Home Casual Enterprise, Ltd. et al v. Kasdorf, Robert

Filing 11

ORDER Affirming the decision of the bankruptcy court. Signed by District Judge William M. Conley on 09/30/2017. (mfh)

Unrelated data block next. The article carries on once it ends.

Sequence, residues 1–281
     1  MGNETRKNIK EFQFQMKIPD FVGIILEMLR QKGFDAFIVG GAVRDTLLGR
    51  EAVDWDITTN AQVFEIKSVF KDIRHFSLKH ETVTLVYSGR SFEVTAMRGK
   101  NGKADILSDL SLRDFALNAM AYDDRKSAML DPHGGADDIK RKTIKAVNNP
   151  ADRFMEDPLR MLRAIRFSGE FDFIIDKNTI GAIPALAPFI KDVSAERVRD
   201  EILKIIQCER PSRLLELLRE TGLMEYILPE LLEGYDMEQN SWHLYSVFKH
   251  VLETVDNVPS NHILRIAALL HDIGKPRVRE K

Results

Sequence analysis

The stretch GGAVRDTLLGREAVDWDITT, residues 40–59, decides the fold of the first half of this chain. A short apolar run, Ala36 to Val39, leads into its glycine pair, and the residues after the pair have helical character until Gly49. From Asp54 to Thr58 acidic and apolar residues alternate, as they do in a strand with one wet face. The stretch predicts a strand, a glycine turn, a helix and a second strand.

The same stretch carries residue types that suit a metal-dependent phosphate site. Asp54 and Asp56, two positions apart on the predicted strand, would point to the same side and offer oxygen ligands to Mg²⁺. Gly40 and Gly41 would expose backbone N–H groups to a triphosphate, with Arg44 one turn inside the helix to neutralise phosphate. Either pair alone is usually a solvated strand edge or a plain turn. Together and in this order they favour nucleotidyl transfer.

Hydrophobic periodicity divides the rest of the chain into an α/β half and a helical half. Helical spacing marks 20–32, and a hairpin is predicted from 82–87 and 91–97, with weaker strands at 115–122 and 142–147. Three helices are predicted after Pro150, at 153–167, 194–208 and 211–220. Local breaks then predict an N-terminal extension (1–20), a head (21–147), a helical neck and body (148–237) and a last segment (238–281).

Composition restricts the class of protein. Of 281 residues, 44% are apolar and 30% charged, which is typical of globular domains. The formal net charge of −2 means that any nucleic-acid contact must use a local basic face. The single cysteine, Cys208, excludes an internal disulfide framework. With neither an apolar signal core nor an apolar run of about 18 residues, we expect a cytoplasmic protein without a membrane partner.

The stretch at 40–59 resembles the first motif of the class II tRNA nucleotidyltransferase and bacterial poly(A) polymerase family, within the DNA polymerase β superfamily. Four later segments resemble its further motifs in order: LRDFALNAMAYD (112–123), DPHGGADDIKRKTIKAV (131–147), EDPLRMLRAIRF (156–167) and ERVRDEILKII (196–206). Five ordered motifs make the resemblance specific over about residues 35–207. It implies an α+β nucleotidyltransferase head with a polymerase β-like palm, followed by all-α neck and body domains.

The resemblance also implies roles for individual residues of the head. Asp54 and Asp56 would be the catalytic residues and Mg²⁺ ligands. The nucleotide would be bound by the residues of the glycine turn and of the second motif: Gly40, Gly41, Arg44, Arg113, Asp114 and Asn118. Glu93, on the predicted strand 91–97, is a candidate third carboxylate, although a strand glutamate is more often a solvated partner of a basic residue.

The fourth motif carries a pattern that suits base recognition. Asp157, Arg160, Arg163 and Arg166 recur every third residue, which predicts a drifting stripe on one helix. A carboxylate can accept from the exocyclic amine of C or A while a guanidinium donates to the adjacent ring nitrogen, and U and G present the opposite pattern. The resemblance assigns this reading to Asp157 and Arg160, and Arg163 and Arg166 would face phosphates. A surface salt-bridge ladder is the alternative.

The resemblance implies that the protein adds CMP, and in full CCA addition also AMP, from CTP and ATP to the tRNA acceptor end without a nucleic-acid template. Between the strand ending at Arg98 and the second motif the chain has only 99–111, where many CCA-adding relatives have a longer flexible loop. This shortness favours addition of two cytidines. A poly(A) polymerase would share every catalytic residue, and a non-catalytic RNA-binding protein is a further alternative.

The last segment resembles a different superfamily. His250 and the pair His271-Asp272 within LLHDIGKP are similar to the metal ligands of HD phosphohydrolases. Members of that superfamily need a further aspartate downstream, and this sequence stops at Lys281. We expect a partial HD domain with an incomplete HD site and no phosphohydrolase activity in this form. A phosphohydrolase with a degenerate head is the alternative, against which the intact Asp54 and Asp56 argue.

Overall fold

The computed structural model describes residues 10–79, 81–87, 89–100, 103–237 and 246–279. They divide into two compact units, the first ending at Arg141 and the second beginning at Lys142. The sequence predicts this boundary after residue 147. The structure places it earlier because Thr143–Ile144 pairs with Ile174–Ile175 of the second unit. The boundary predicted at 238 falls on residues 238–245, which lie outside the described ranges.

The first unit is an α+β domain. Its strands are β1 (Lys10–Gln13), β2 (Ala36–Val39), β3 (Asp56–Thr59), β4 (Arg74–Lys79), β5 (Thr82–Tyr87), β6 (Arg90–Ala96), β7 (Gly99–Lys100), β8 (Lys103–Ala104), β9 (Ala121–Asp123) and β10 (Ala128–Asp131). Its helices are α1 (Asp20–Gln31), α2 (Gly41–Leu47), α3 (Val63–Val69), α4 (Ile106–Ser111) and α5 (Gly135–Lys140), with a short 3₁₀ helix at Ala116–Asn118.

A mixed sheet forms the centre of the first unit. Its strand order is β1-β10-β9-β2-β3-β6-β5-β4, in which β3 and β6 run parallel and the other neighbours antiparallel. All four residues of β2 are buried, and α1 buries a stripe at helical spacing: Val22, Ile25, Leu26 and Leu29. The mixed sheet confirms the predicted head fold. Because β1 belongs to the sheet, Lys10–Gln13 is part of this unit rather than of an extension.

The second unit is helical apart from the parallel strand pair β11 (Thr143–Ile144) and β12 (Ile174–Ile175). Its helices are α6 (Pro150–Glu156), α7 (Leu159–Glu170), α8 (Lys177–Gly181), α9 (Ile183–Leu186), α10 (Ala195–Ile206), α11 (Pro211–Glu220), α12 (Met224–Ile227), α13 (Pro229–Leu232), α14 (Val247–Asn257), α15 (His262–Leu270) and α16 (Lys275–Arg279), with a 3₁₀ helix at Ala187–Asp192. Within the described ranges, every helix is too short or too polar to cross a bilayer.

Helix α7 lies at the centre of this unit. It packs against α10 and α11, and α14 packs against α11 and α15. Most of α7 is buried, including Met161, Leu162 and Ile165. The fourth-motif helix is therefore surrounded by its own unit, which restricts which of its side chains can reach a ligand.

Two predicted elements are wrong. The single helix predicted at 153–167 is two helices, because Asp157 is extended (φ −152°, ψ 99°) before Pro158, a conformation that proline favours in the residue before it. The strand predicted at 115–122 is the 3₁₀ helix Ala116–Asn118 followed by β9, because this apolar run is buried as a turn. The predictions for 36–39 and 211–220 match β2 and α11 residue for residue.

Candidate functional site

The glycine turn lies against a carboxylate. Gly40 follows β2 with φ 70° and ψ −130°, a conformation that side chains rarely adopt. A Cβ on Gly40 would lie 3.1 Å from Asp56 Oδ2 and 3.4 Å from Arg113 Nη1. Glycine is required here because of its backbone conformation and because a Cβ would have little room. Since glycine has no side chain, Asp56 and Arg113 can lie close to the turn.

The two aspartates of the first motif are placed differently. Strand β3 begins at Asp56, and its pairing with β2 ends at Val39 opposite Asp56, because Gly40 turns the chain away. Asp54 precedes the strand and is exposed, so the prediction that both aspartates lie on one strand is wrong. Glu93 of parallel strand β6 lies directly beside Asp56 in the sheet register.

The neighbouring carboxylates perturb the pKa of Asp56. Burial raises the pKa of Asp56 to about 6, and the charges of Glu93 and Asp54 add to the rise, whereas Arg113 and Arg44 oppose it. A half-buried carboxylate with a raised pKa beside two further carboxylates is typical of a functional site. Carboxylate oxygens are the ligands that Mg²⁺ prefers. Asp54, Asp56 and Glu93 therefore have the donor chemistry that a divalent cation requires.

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IN THE UNITED STATES DISTRICT COURT FOR THE WESTERN DISTRICT OF WISCONSIN HOME CASUAL ENTERPRISE, LTD., ZHEJIANG HEMEI LEISURE PRODUCTS CO., LTD., HANGZHOU VOLLY GARDEN FURNITURE CO., LTD., And HANGZHOU KING-REX FURNITURE INDUSTRY CO., LTD., OPINION AND ORDER 15-cv-803-wmc Appellants, v. ROBERT T. KASDORF, Trustee of Home Casual, LLC, Appellee. Appellants Home Casual Enterprise, Ltd., Zhejiang Hemei Leisure Products Co., Ltd., Hangzhou Volly Garden Furniture Co., Ltd., and Hangzhou King-Rex Furniture Industry Co., Ltd., appeal from a final decision of the United States Bankruptcy Court for the Western District of Wisconsin, which voided their garnishment of a debt owed by a third party to the debtor, Home Casual, LLC, and allowed the bankruptcy trustee, appellee Robert Kasdorff, to recover the garnished funds from appellants for the benefit of the bankruptcy estate. After reviewing the parties’ submissions and the bankruptcy record, the court will affirm the bankruptcy court’s decision. BACKGROUND Some background information is necessary to understand the bankruptcy court’s decision and the issues on appeal, although a more fulsome description of the facts, which were uncontested by the parties, can be found in the bankruptcy court’s decision, from which this brief summary is drawn. See Dkt. #1, exh. #1; Kasdorff v. Home Casual Enterprise, Ltd. et als., Adv. No. 15-00043 (Bankr. W.D. Wis.) (Bankr. dkt. #69).1 Appellants are Home Casual Enterprise, Ltd. (“HCEL”) and several Chinese factories—Zhejiang Hemei Leisure Products, Hangzhou Volly Garden Furniture, and Hangzhou King-Rex Furniture Industry—that supplied outdoor furniture to Home Casual LLC, the underlying debtor in this case. In September 2011, while in default to appellants, the debtor assigned in excess of $79 million in purchase orders to HCEL. Because this assignment failed to satisfy all of the debtor’s obligations, appellants filed a diversity action in federal court to collect from the debtor, and on November 19, 2012, appellants obtained a judgment in the amount of $10,813,493.00. Appellants then filed a non-earnings garnishment action in the Dane County Circuit Court against Brian Sanderson, who had issued a promissory note to the debtor. Sanderson accepted service of the complaint on December 28, 2012, and the state circuit court granted judgment in favor of appellants on March 19, 2013. The state court then ordered Sanderson to pay appellants the $250,000 due under the promissory note, which Sanderson ultimately did on April 1, 2013. However, HCEL subsequently returned the payment to Sanderson, and the payment was not credited toward appellants’ judgment against the debtor. The debtor filed a chapter 11 bankruptcy case in the bankruptcy court on March 29, 2013, which was converted to a chapter 7 on April 23, 2013. On March 26, 2015, Citations to “Dkt.” refer to this court’s docket, while citations to “Bankr. Dkt.” refer to the bankruptcy court docket. 1 2 appellee Robert Kasdorf, the chapter 7 trustee, commenced an adversary proceeding against appellants in order to avoid transfers, compel turnover, and disallow claims with respect to the debtor’s property. Following a trial in the bankruptcy court on August 14, 2015, Judge Martin issued a decision, which held that the garnishment of Sanderson’s debt was an avoidable transfer under 11 U.S.C. § 547 received within 90 days of the filing of the bankruptcy case. Particularly relevant to the pending appeal, Judge Martin specifically rejected appellants’ contention that their lien arose when Sanderson accepted service of the garnishment complaint on December 28, 2012, and instead found that they obtained a lien when the state court entered the garnishment judgment on March 19, 2013. Because the bankruptcy court did not authorize Anderson's subsequent payment to appellants on April 1, 2013, Judge Martin held that it was a voidable, post-petition transfer of estate property under 11 U.S.C. § 549, which the trustee could recover from the appellants for the benefit of the estate under § 550. Judge Martin further found that: (1) appellants’ unexplained return of funds to Sanderson did not change his analysis; and (2) all of the appellants’ claims against the debtor should be disallowed and payment delayed until appellants paid to the trustee the amount transferred from the Sanderson promissory note, plus interest. OPINION “In a bankruptcy appeal, issues of law are reviewed de novo; factual findings may be set aside only if they are clearly erroneous.” In re Kelly, 392 B.R. 750, 754 (W.D. Wis. 2007) (citing Fed. R. Bankr. P. 8013). “A finding is ‘clearly erroneous’ when although 3 there is evidence to support it, the reviewing court on the entire evidence is left with the definite and firm conviction that a mistake has been committed.” In re Smith, 582 F.3d 767, 777 (7th Cir. 2009) (quoting United States v. U.S. Gypsum Co., 333 U.S. 364, 395 (1948)). Relevant to this appeal is 11 U.S.C. §§ 547(b)(4), 549(a), and 550, which allow a bankruptcy trustee to avoid and recover the transfer of a debtor’s property that was not authorized by the bankruptcy court and was made within 90 days before the debtor filed for bankruptcy. The parties refer to this provision as the “90-day preference period.” In particular, section 101(54)(A) of the bankruptcy code defines the term “transfer” to include the “creation of a lien,” which is in turn defined under § 101(37) as a “charge against or interest in property to secure payment of a debt or performance of an obligation.” The bankruptcy code does not define what constitutes an “interest in property,” but the parties agree that state law defines the term in the absence of a federal definition. See Butner v. United States, 440 U.S. 48, 54-55 (1979); In re Freedom Group, 50 F.3d 410 (7th Cir. 1995); In re Wayco, Inc., 947 F.2d 1330 (7th Cir. 1991). Appellants argue that the bankruptcy court erred in finding that their lien on the Sanderson promissory note arose during the 90-day preference period, thereby allowing the bankruptcy trustee to avoid and recover the $250,000 that appellants garnished. The undisputed facts show that the debtor in this case filed for bankruptcy on March 29, 2013, which means that the 90-day preference period began to run on December 29, 2012. While appellants obtained a judgment against the debtor on November 19, 2012, and Sanderson accepted service of appellants' garnishment complaint on December 28, 2012, 4 both of which occurred before the start of the 90-day preference period, appellants did not obtain the garnishment judgment until March 19, 2013, still within the 90-day preference period. This appeal turns then on the bankruptcy court’s rejection of appellants’ contention that their lien arose when Sanderson accepted service of the garnishment complaint and determination that the lien arose when the state court entered the garnishment judgment. In reaching his decision, Judge Martin looked to Wisconsin state law regarding garnishments to determine at what point a lien or an interest in property arises in a garnishment action. While noting that there is no mention of the term “lien” in the state garnishment statute, Wis. Stat. § 812.18(1), he pointed out that the Wisconsin Supreme Court has drawn a relevant distinction between equitable and actual liens in the context of garnishment actions: It is clear that under our statutes a garnishment does not create a lien, strictly so called, on the property of the principal debtor in the hands of the garnishee. The interest obtained is of an inchoate character. It does not reach the property so as to constitute an actual interest therein, though it is true that such interest has been commonly called, by this and other courts, an equitable lien. The plaintiff cannot follow the property on the strength of any legal or even equitable interest therein, from the mere fact of the service of the garnishee process, but can control the property by seasonably acting to that end and thereby put the court in possession of the res. Bank of Commerce v. Elliott, 109 Wis. 648, 85 N.W. 417, 420 (1901). Relying on these statements in Bank of Commerce, Judge Martin held that “a creditor obtains an equitable lien upon service, which is not an actual interest until the creditor obtains a judgment.” (Bankr. dkt. #69 at 4.) He, therefore, reasoned that an equitable 5 lien did not satisfy the bankruptcy code’s definition of the term lien as a “charge against or interest in property.” (Id. at 5 (citing 11 U.S.C. § 101(37).) As an initial matter, appellants argue that despite the Wisconsin Supreme Court's ruling that the service of a garnishment complaint (referred to as a garnishment levy) does not create an actual lien on the debtor’s property, the court ultimately concluded in Bank of Commerce that “the plaintiff in a garnishee case, as it seems, does acquire a special interest, even in a mere indebtedness of the garnishee to the defendant, denominated a lien, regardless of the diversity of opinion as to its real character.” Bank of Commerce, 85 N.W. at 421. As a result, the court held that “[i]t is sufficient for this decision to reach the conclusion that it has been commonly called a lien, and may reasonably be so called, using the term in a qualified sense.” Id. As appellees argue and Judge Martin relied upon, however, the supreme court also held in Bank of Commerce that even though service of a garnishment action provides the plaintiff with a special interest, it creates what is best described as an equitable lien that is still qualified in nature. Indeed, citing its earlier holding in Bank of Commerce, the Wisconsin Supreme Court explained in a more recent case that “courts have uniformly said . . . that the service of a garnishee process is an equitable levy upon the property of the debtor in the hands of the garnishee, and that the interest thereby obtained in such property is at least in the nature of an equitable lien and has been commonly called a lien.” Associated Bank N.A. v. Collier, 2014 WI 62, ¶ 32, 355 Wis.2d 343, 852 N.W.2d 443. Therefore, this court concludes that the bankruptcy court correctly interpreted Bank of Commerce to 6 hold that the service of a garnishment complaint constitutes no more than an equitable lien or a lien of inchoate character. Next, appellants argue that the bankruptcy court failed to account for the supreme court’s more recent decision in Collier, particularly its holding that “[a] judgment creditor obtains an interest in a judgment debtor’s identified, non-exempt personal property superior to other unsecured creditors when it . . . levies that property” by, among other things, “serving the garnishee defendant in a garnishment action to seize specific property in the hands of the garnishee defendant.” Collier, 2014 WI 62, ¶ 3. Appellants argue that this means that a property interest is created when a garnishment action is served. Appellants also argue that this interpretation is consistent with Wisconsin’s garnishment statute, which provides that “[f]rom the time of service upon the garnishee, the garnishee shall be liable to the creditor for the property then in the garnishee’s possession or under his control belonging to the debtor . . . and for all the garnishee’s debts due to the debtor.” Wis. Stat. § 812.18(1). While appellants are correct that Collier stands for the proposition that serving the garnishee defendant in a garnishment action is a levy that creates a property interest superior to other creditors, they are incorrect in assuming that the supreme court made any finding with respect to the precise nature of that lien, which was Judge Martin’s concern. The court in Collier focused on whether serving an order to appear for supplemental proceedings gives rise to a blanket lien on all of a defendant’s personal property and cited Bank of Commerce for the rule that service of garnishment proceedings creates an equitable lien. The court also noted that “garnishment is a seizure in the hands 7 of the garnishee by notice to him, creating an effectual lien upon the garnished property to satisfy whatever judgment.” Collier, 2014 WI 62, ¶ 32 (quoting Morawetz v. Sun Ins. Office, 96 Wis. 175, 178, 71 N.W. 109 (1897) (emphasis added). Even though the court in Collier noted that there was a “diversity of opinion as to [the levy’s] real character,” it did not disagree that this type of property interest is qualified; rather, the court found its decision in Bank of Commerce to be consistent with its holding and earlier decisions. Collier, 2014 WI App 62, ¶ 33. Further, although Collier instructs that the garnisher’s interest was superior to that of other unsecured creditors, “perfection of a security interest and transfer are distinct concepts where perfection refers to the priority of rights among creditors and transfer is placement of funds into creditor’s hands.” In Re Freedom Group, 50 F.3d 410, 411 (7th Cir. 1995). As appellees point out, the Court of Appeals for the Seventh Circuit addressed a similar issue in In re Freedom Group, 50 F.3d at 411-12, holding that service of a garnishment notice under Indiana law did not qualify as a transfer under the bankruptcy statute. As the Seventh Circuit explained, even though the notice of garnishment created an interest in property (in that case, an interest in current funds and future deposits in a bank account), the resulting lien was “tentative” in nature; “[b]etween the service of the notice of garnishment, corresponding to the delivery of a check, and the final order of attachment, corresponding to the bank's decision to honor (pay) the check, all sorts of events might intervene that would prevent the creditor from obtaining payment.” Id. at 412. The court concluded, therefore, that a garnishment does not transfer property to a creditor for the purpose of an avoidable preference until the final order of garnishment is issued. Id. See 8 also Barnhill v. Johnson, 503 U.S. 393, 394-95 and 399 (1992) (Transfer within meaning of bankruptcy code did not occur until bank honored check delivered to creditor because “myriad of events can intervene between delivery and presentment of the check that would result in the check being dishonored.”). Appellants attempt to distinguish In re Freedom Group on the grounds that it: (1) was decided before a 2005 amendment to the bankruptcy code, which added “creation of a lien” to the definition of a transfer; (2) involved a bank account and not the type of debt at issue in this case; and (3) applied Indiana state law regarding property interests. None of these arguments are persuasive. With respect to the first, appellees correctly note that labeling a property interest a “lien” does not automatically qualify it as a transfer. For example, the Seventh Circuit in In Re Freedom Group was not concerned with the label placed on the property interest, and instead focused on whether the type of lien created by the service of a garnishment action was was certain enough to constitute a transfer for purposes of the preference avoidance provision. The fact that the property at issue in In Re Freedom Group were funds in a bank account in no way diminishes the significance of the holding in this case. Like the court in In Re Freedom Group, Judge Martin held that the particular nature of the property interest was too tentative to qualify as a transfer. In fact, much like the interest in the future deposits to the bank account in In Re Freedom, appellants’ service of the garnishment action on Sanderson gave them an interest in Sanderson’s future payments to the debtor, not control over the promissory note itself. 9 Contrary to appellants’ assertion, Wisconsin garnishment law also recognizes the tentative nature of the lien created by a garnishment levy. Appellants make much of the fact that unlike in In Re Freedom, where the garnishment levy functioned as a “passive freeze” on the funds controlled by the bank, the levy in this case is not tentative because it was created by a judicial process subject to state court control and imposed liability on the garnishee, giving the garnishing creditor a right to payment from the time of service. However, as early at 1898, the Wisconsin Supreme Court held that an equitable lien created by service of a garnishment process can “be waived by plaintiff’s conduct” or “extinguished by a judgment in favor of the garnishee on appeal,” meaning that like a bank account or check, it is possible that intervening events could prevent the garnishing creditor from obtaining payment, underscoring the tentative nature of such liens. Maxwell v. Bank of New Richmond, 101 Wis. 286, 77 N.W. 149, 150 (1898). Accordingly, this court concludes that the bankruptcy court did not abuse its discretion in finding the garnishment levy obtained by appellants did not qualify as a transfer under the avoidable preference statute and affirms the bankruptcy court’s order finding that the Sanderson promissory note is a voidable preference under 11 U.S.C. § 547 and that the $250,000 payment by Sanderson on April 1, 2013, is a voidable, post-petition transfer under 11 U.S.C. § 549. 10 ORDER IT IS ORDERED that the decision of the bankruptcy court in the above-captioned case is AFFIRMED. Entered this 30th day of September, 2017. BY THE COURT: /s/ __________________________________ WILLIAM M. CONLEY District Judge 11